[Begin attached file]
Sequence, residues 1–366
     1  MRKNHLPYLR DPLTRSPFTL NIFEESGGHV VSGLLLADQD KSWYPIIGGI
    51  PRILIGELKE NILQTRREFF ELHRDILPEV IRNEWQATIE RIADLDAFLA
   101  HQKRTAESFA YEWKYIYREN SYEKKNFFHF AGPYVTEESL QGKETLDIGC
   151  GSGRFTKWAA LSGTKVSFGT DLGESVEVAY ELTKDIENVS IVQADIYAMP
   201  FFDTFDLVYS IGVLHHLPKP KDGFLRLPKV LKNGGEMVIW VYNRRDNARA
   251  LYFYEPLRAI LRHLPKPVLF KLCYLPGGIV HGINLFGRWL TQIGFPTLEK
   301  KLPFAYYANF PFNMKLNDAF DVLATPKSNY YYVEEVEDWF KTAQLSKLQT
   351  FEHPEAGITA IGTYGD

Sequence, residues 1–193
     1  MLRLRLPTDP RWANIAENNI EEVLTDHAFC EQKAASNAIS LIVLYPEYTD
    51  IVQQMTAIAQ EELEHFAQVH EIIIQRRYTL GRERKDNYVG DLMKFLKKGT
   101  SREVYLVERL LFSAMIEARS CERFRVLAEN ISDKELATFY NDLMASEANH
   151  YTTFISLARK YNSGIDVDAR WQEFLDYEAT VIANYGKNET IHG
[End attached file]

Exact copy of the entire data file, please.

Sequence, residues 1–366
     1  MRKNHLPYLR DPLTRSPFTL NIFEESGGHV VSGLLLADQD KSWYPIIGGI
    51  PRILIGELKE NILQTRREFF ELHRDILPEV IRNEWQATIE RIADLDAFLA
   101  HQKRTAESFA YEWKYIYREN SYEKKNFFHF AGPYVTEESL QGKETLDIGC
   151  GSGRFTKWAA LSGTKVSFGT DLGESVEVAY ELTKDIENVS IVQADIYAMP
   201  FFDTFDLVYS IGVLHHLPKP KDGFLRLPKV LKNGGEMVIW VYNRRDNARA
   251  LYFYEPLRAI LRHLPKPVLF KLCYLPGGIV HGINLFGRWL TQIGFPTLEK
   301  KLPFAYYANF PFNMKLNDAF DVLATPKSNY YYVEEVEDWF KTAQLSKLQT
   351  FEHPEAGITA IGTYGD

Sequence, residues 1–193
     1  MLRLRLPTDP RWANIAENNI EEVLTDHAFC EQKAASNAIS LIVLYPEYTD
    51  IVQQMTAIAQ EELEHFAQVH EIIIQRRYTL GRERKDNYVG DLMKFLKKGT
   101  SREVYLVERL LFSAMIEARS CERFRVLAEN ISDKELATFY NDLMASEANH
   151  YTTFISLARK YNSGIDVDAR WQEFLDYEAT VIANYGKNET IHG